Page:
Why I’m not planning my funeral
“So, I’ve chosen all my funeral songs already” is a pretty standard refrain these days from believers. To which I always respond with the same question, “Why?”
I haven’t planned my funeral and will not and here’s why: it’s not for me.
You will realise, I trust, that I will not be there at my funeral. Others will be and they will be grieving, but they must do so as those who have hope, not as those who do not have hope. And the funeral must serve them, not me. It must help them grieve appropriately. It is not a tribute concert to the departed. If they want to sing a song I really hate and it helps, let them sing it. I will be joining in, in my glorified sinless state, from heaven (so to speak!).
Of course, the best way for them to grieve might well be for them to sing something that I loved. They may want a Bible reading that was particularly precious to me in my last days. All well and good. But the service serves the living not the dead. And as pastors and preachers we have to keep reminding those who grieve about this truth.
Perhaps this is for another day, but it also shapes the tone of the funeral. There’s a bit too much laughing and dancing at funerals these days, and not enough tears, if you ask me. But seeing as you didn’t, I’ll stick with what I know: if you are preaching at my funeral, don’t you dare ask my family “what would Adrian have wanted?” Because you know the answer already: whatever, within Biblical bounds, will help them grieve with hope.
Teaching 123 John
The first of our two new titles is now available. Mervyn Eloff has written a superb volume for us on Teaching the epistles of John. These are a rich seam for preachers (although 2 and 3 John are normally overlooked). Mervyn steers a careful course and helps preachers and teachers grapple with the text.
As with all these volumes, these are not full commentaries, but neither are they books of sermons. Rather they are books written by preachers and for preachers to help those whose task is preaching and teaching the “wonderful word of the Lord” as the hymn writer puts it. They’re written at a level that will serve you as a preacher, but also be accessible for, say, small group leaders if you’re doing a Bible study series.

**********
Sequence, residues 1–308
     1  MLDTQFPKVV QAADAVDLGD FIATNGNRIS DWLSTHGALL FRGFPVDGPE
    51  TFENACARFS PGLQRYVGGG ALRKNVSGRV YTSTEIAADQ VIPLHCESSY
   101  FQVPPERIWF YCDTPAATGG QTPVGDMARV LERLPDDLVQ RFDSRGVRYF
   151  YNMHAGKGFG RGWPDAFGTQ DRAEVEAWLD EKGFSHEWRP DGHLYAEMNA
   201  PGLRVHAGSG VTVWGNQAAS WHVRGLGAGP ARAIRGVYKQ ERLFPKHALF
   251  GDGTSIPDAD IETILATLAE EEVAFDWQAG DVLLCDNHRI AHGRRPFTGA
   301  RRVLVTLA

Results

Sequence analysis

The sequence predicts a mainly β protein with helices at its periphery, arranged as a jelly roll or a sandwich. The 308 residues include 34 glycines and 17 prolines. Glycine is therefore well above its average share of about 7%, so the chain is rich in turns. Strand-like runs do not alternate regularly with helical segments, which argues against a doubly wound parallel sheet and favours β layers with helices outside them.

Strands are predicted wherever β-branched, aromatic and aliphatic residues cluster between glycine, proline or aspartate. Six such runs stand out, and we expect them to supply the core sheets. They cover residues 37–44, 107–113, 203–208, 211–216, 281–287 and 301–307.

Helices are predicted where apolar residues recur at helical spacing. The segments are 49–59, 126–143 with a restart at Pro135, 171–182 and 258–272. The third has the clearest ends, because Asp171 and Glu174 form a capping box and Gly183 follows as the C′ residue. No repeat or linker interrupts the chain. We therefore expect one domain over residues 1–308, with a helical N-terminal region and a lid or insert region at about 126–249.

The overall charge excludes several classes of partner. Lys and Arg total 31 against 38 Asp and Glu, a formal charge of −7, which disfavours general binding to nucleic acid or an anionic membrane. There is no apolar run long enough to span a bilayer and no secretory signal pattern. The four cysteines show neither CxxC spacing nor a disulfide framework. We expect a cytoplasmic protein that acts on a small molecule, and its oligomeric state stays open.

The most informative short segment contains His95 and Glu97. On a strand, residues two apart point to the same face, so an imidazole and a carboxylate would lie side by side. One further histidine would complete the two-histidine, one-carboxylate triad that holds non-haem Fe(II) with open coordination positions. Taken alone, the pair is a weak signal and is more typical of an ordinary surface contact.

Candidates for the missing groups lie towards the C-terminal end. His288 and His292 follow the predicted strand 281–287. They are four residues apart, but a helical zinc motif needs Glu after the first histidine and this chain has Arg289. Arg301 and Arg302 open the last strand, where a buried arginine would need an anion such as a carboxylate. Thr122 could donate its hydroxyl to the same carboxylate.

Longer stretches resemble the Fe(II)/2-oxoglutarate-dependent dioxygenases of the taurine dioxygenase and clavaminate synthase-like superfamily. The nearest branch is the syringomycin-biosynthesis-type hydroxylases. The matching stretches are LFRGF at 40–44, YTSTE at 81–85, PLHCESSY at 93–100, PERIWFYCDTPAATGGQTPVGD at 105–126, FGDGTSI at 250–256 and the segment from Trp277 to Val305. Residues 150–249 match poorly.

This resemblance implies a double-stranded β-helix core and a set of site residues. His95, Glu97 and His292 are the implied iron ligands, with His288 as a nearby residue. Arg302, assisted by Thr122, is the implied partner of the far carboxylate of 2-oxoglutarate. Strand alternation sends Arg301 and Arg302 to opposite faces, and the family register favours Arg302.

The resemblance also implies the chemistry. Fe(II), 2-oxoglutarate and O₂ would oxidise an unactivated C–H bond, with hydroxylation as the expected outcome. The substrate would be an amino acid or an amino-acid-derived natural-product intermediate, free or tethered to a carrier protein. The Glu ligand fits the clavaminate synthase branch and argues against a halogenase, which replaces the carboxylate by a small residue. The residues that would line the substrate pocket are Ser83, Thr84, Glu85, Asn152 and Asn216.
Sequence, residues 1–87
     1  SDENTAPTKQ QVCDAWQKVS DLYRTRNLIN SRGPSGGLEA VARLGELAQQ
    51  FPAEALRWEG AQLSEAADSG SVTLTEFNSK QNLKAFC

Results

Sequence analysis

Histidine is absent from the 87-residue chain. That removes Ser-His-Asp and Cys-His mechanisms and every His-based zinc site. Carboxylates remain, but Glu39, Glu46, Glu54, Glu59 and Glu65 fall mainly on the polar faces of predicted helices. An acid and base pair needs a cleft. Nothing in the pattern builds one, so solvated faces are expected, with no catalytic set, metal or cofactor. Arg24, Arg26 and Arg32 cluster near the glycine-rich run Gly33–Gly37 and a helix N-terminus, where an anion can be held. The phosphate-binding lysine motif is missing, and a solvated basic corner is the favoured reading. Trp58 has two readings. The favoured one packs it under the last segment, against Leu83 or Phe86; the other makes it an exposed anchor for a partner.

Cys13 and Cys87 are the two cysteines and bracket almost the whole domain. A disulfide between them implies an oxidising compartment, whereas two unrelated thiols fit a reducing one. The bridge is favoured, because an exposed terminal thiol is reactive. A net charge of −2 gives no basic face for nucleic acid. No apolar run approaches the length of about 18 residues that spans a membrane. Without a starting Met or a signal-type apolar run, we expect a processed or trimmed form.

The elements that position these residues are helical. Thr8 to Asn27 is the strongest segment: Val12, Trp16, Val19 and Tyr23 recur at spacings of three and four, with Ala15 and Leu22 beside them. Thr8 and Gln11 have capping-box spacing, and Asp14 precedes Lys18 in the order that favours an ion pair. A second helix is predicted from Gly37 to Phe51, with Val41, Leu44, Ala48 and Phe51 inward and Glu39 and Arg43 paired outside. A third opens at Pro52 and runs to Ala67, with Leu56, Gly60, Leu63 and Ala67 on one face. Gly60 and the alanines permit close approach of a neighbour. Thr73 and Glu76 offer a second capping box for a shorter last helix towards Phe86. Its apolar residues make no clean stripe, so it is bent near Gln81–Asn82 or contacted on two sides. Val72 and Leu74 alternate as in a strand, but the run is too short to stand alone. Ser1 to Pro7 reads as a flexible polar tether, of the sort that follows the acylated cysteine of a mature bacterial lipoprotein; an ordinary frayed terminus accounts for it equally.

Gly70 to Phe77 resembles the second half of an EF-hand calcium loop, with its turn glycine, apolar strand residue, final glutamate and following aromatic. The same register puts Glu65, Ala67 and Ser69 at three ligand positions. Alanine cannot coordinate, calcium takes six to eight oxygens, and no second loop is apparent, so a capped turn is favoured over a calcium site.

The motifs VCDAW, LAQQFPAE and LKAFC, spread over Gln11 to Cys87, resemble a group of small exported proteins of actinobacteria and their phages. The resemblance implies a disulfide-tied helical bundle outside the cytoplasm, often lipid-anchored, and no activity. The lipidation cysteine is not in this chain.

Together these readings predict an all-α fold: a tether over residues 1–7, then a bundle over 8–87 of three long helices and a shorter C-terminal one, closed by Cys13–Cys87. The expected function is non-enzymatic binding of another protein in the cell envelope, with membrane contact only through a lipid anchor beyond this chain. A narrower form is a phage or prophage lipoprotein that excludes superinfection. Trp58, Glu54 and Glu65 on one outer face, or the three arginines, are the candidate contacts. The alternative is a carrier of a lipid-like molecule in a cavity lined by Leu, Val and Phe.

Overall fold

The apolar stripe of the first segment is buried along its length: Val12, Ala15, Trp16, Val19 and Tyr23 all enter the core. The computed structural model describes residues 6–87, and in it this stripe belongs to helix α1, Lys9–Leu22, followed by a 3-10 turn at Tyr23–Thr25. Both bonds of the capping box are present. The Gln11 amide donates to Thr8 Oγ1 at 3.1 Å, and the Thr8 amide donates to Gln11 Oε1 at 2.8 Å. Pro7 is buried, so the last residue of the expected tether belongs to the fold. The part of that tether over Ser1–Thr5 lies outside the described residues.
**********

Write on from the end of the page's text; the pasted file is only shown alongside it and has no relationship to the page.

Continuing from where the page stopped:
Marriage and ministry
The more I speak to married ministers and their wives, the more I realise that marriage and ministry is not the glorious union that it ought to be. Rather, for many, it is a painful, tense set of pressures that are often unresolved and unmentioned. If preaching is to flourish, then it’s critical that ministry marriages flourish. We asked what we could do to help, and alongside some input at our key conferences, we now also run a 24 hour getaway for couples.
This year, Wallace and Lindsay Benn are hosting one at Hothorpe Hall in Leicestershire and Mrs R and I are hosting one at Malmesbury in Wiltshire. They are both on 24/25 October. That’s half term, you cry! You’re right – deliberately so as couples with kids told us it was easier to organise child care in holiday time than in term time. Spaces are very limited. One husband last year surprised his wife by bringing her along as an anniversary present. We don’t recommend this approach for most people – but we do think it’s worth coming. Here’s some feedback from Malmesbury last year:
“Absolutely brilliant schedule”
“We enjoyed how much time together we had as a couple”
“Please keep on doing this – so helpful”
“Too much food”
I couldn’t resist that last one! Book now, while there’s space and you’re fired up!
The preacher’s praying agenda
What’s on your prayer list? Who’s on your prayer list? And – just as importantly – how do you pray for them? I’ve been thinking about this all this week as I prepare a sermon on 1 Timothy 2.1-7. I’ve been using Angus MacLeay’s excellent volume in our Teaching series, Teaching 1 Timothy. It’s been a real help. However, along the way, I’ve found lots to challenge me about my own prayer agenda.
Paul – fighting against a legalistic and Judaistic false teaching – urges the church back to gospel order (not to be despised, by the way). In order to do that he encourages the church away from its inward looking attitude (which, incidentally, false teaching nearly always promotes) to a more gospel focused outwardness.
This manifests itself in prayer: deep, rich, varied, consistent and continued prayer. Prayer, in fact, for all people – including those in authority and for the church (by implication in v2). His agenda is challenging. This is what our prayer agenda tends to look like:
Praying for rulers: we tend to be focused on particular laws or issues: abortion, marriage and so on. These are important, but not the burden of Paul’s focus.
Praying for believers: we tend to be focused on people’s needs: work, health, education, that kind of thing.
Praying for unbelievers: I hope we do this, but pastors can get caught up with people in the church to the expense of those outside we are calling to come in.